We’ve seen Congressional Banking Committee meetings before, and to put it gently — while they have their moments — they’re not always the most hard-hitting, productive affairs in Washington.
That said, we’re certain JP Morgan CEO Jamie Dimon is not looking forward to his time in the hot seat. He will testify before the House and Senate Banking Committees on Capitol Hill next week to answer for the complicated and stunning trading loss his bank’s London Chief Investment Office revealed last month.
The operative word here is complicated, so to help our nation’s leaders along (and to provide some suggestions for avoiding what he calls ‘Washington Gotcha theatre”) New York Times columnist Andrew Ross Sorkin has published his list of questions for JP Morgan CEO Jamie Dimon.
Sorkin’s questions touch on everything from Dimon’s opposition to the Volcker rule, to potential clawbacks for Ina Drew (the CIO’s chief investment officer), and to how much Dimon knew about why the CIO had changed its risk models before its losses became impossible to ignore.
Here are a few of our favourites from Sorkin’s list:
- “…about a month before you disclosed the $2 billion trading loss, you called speculation about outsize risks in your chief investment office “a tempest in a teapot.” What, if any, analysis had you personally conducted before making that statement? Do you believe you had all of the appropriate information at the time? If not, why not? Do you believe that you were provided with misinformation or were otherwise purposely misled?
- “…you now point out that under the Volcker Rule, some of those trades would not have been permitted because “(1) the actions taken were forward looking and anticipatory; (2) the firm’s purchases of the credit derivatives may not have been deemed ‘reasonably correlated’ with the underlying risk, as different instruments were used to effect the hedging strategy than the assets giving rise to the risk; and (3) the gains realised upon the unwind of the hedges could have been determined to be larger than the countervailing risks.” …why should the trades referred to in your letter (to the SEC on Volcker) be considered hedges and not speculative bets?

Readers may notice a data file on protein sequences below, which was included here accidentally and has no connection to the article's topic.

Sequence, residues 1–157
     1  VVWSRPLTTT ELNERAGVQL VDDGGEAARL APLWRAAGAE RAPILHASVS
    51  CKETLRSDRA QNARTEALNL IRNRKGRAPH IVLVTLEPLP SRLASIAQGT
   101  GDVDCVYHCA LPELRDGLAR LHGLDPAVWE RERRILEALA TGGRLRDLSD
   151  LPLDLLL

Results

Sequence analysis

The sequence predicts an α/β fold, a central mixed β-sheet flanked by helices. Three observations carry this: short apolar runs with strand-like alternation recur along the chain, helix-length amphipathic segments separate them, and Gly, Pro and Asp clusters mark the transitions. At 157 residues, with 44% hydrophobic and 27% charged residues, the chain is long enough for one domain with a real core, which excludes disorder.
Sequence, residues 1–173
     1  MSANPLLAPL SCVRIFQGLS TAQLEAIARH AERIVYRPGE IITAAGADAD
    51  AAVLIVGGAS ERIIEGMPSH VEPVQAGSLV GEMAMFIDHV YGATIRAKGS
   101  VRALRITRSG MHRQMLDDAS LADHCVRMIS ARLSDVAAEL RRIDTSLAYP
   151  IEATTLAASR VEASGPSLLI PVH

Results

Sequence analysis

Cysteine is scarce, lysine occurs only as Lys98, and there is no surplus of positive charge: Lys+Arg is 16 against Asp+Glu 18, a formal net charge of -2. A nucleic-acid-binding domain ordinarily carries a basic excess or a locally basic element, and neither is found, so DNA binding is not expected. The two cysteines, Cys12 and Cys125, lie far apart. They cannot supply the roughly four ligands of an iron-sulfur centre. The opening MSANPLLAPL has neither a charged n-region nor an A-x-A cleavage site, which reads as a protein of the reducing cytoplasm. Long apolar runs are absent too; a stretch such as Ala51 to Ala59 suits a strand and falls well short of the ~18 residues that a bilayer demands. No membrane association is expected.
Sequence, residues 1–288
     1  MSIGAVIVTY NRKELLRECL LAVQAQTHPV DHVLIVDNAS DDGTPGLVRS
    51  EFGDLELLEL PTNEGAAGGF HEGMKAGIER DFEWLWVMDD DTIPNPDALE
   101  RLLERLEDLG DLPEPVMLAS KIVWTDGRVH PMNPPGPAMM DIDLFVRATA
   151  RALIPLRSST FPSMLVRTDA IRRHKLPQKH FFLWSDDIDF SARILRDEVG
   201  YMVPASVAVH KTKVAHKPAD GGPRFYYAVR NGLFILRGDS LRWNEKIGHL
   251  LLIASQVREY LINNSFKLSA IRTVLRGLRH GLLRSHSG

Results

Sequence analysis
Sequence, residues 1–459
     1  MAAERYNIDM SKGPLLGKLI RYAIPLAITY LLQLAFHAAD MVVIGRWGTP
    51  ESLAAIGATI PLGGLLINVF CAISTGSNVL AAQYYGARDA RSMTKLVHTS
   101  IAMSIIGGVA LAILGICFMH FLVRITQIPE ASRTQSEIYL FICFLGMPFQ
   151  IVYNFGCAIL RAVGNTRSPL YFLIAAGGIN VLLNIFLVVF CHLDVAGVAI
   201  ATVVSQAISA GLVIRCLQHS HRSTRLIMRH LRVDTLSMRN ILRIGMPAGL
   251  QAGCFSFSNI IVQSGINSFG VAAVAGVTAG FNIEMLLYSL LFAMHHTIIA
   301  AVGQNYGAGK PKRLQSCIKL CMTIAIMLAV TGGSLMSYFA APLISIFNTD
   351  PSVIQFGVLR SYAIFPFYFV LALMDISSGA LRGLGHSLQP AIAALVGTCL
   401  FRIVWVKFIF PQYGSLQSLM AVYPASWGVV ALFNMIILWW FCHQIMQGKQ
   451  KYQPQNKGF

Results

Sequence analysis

- Your chief investment office has put money in corporate bonds as opposed to less risky Treasury bonds, then used derivatives to bet on directions of the market. That indicates that the purpose of the unit, unlike at some of your competitors, is to generate profit rather than protect the bank from losses. Should the investment office be a profit centre? What was your role in the unit taking on more risk?
We wish Dimon and all the members of Congress involved in this hearing luck and a ton of patience. They’re going to need it.
NOW WATCH: Money & Markets videos
Business Insider Emails & Alerts
Site highlights each day to your inbox.